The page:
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Base for 5 days around Loch Lomond

C H
Ottawa, Canada
4 posts
1 review
Base for 5 days around Loch Lomond

My partner and I (early 30's, relatively fit, good hikers but not mountaineers by any measure) are planning to spend 9 days or so in Scotland in October, with a few days in Edinburgh/Glasgow and then probably about 5 days around Loch Lomond/the Trossachs.

Once we escape the cities, we'd like to spend our time doing good day hikes, enjoying pub food, and maybe hit up a distillery. I gather Loch Lomond is a bit more accessible for this type of thing than Cairngorms (Cairngorms seems to have more remote through-hikes and mountains to climb, and we're looking for something a bit more low-key this trip.)

We typically camp when we travel (often in cold, rainy places), and toyed with the idea of renting a small camper van, but given the time of year/likelihood of rain and chilly weather, having someplace inside with a warm shower at the end of the day is appealing, so we're aiming more toward a B&B/cozy inn for this trip. We're used to sleeping on the ground and self-catering, so we don't necessarily need luxury accommodations or fine dining.

Any ideas for a town or village to base ourselves in for a few days? We don't want it to be a road trip; ideally we wouldn't even have to hire a car, but can do if necessary.

Thanks!

Edit: I've just seen this topic, which may cover some of the same ground! Whoops. I'll have a look there. :)

https://www.tripadvisor.com/ShowTopic-g55192…

Edited: 14 August 2018, 02:53
7 replies to this topic
Glasgow, United...
Destination Expert
for Scotland
Level Contributor
5,109 posts
530 reviews
1. Re: Base for 5 days around Loch Lomond

There are plenty mountains at and around Loch Lomond, at least as many as Cairngorm.Different walking though - drier underfoot in Cairngorm, huge plateaux/big rounded mountains and some big long through routes.

Much pointier, rockier in the west - more dramatic to the eye, more sea/loch/mountain combos.

Have you thought of heading for Glencoe and basing there? Preferably with a car.Superb walking of great variety.

Or look at Bridge of Orchy if it's not too tiny - only a hotel there, used a lot by walkers and on the A82 road - big country all around.

On the Trossachs side you could also look at Callander.

Edited: 14 August 2018, 04:39
Edinburgh, United...
Level Contributor
3,060 posts
9 reviews
2. Re: Base for 5 days around Loch Lomond

Sure, the Cairngorms have long distance through routes ... but I think that misses the point. If you stay in Aviemore there's local transport up and down the Spey Valley. There are lots of circular one day mountain routes, but that too ain't your target. There are beautiful forest walks in Rothiemurchus and the areas SE and NE of there. There's transport from Aviemore up to the ski slopes, and the mountain railway up to the shoulder of Cairrngorm. You can walk or bus to Coylumbridge or Loch Morlich and head into the forests. Some uphill. not much. You can head from Glenmore Lodge, past the Green Lochan to Ryvoan, and either return a similar route or srike north through gentle forest to Nethy Bridge. https:/…map3_15sk.shtml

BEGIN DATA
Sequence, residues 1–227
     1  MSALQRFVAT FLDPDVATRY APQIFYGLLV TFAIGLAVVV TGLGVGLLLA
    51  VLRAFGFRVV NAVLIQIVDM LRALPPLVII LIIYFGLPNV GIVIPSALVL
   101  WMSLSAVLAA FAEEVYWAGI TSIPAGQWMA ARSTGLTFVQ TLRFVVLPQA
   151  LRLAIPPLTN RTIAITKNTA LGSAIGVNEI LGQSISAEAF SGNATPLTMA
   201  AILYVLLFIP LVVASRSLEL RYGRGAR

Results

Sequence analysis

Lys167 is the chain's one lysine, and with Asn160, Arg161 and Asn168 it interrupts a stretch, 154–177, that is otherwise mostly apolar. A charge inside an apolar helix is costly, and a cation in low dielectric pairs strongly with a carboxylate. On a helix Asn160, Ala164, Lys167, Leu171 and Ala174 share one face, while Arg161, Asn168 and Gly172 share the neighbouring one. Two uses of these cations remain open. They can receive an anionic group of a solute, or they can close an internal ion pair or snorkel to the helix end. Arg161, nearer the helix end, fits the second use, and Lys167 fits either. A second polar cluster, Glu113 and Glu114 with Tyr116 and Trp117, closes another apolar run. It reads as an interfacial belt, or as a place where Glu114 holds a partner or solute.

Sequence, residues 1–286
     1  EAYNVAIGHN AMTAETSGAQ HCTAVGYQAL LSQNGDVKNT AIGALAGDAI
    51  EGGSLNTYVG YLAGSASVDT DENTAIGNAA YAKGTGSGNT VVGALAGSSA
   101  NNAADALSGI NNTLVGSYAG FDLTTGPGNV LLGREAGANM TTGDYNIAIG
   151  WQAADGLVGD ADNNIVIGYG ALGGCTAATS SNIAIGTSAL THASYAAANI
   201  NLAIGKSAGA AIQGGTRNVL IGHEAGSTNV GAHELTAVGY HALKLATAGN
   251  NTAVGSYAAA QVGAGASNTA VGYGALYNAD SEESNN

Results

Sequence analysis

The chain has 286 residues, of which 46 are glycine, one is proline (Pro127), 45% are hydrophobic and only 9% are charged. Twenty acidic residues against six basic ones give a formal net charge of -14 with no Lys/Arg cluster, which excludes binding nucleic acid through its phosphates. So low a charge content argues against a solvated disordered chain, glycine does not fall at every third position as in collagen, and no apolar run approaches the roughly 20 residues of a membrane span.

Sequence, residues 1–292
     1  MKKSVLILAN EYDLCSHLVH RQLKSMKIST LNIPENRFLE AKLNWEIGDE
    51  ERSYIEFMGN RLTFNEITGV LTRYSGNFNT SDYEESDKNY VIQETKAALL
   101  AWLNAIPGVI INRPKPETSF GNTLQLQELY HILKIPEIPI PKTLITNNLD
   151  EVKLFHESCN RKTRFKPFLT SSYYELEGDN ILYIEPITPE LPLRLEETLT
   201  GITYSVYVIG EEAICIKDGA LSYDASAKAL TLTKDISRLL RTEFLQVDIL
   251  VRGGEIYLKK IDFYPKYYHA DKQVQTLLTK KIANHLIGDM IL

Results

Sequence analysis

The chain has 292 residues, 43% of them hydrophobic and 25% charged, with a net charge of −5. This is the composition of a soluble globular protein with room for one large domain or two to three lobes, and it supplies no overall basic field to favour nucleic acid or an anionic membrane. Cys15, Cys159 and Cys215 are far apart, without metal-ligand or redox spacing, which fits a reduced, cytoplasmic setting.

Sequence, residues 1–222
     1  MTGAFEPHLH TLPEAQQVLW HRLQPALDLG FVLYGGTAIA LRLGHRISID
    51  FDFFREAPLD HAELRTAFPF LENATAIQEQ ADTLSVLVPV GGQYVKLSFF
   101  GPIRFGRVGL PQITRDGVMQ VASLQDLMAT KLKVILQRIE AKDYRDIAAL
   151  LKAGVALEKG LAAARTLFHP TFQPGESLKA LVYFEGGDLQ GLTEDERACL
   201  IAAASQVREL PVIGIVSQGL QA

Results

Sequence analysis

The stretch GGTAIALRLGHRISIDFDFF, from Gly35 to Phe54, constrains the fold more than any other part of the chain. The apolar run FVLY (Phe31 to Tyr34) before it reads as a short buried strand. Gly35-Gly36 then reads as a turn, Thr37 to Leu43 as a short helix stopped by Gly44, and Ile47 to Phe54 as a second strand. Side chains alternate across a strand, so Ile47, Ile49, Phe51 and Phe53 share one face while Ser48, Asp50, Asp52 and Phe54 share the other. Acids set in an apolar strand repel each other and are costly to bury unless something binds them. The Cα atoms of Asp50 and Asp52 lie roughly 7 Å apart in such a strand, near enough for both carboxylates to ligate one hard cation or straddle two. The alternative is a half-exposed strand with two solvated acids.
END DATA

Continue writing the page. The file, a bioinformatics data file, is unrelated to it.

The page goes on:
So I think you've dismissed Aviemore too quickly.

OK, back to the Trossachs. There are lots of loch and forest walks in the area, but public transport is a big problem. There are occasional buses up the east coast of Loch Lomond, as far as Balmaha, I think, but certainly NOT as far as Rowardennan. Most long distance buses ply the west shore - Balloch, Luss, Tarbet come to mind.

Aberfoyle is the obvious 'centre' for the Trossachs, but public transport is hard to come by. And the obvious place to visit might be Loch Katrine. Boat trips, or hire a bike. No bus transport to the pierhead (Trossachs Pier) or the other pier at Stronachlachar. A great shame.

If you go to Loch Lomond or the Trossachs, a car will make a LOAD of difference.

Edited: 14 August 2018, 05:07
Edinburgh, United...
Level Contributor
3,064 posts
615 reviews
3. Re: Base for 5 days around Loch Lomond

If you would hire a car, I would recommend the very edge of the Loch Lomond and Trossachs National Park in Killin, or surrounding area around Loch Tay, with plenty good walking and plenty options in Killin, or Kenmore/Aberfeldy at the other end of the Loch.

C H
Ottawa, Canada
4 posts
1 review
4. Re: Base for 5 days around Loch Lomond

Thanks for the replies!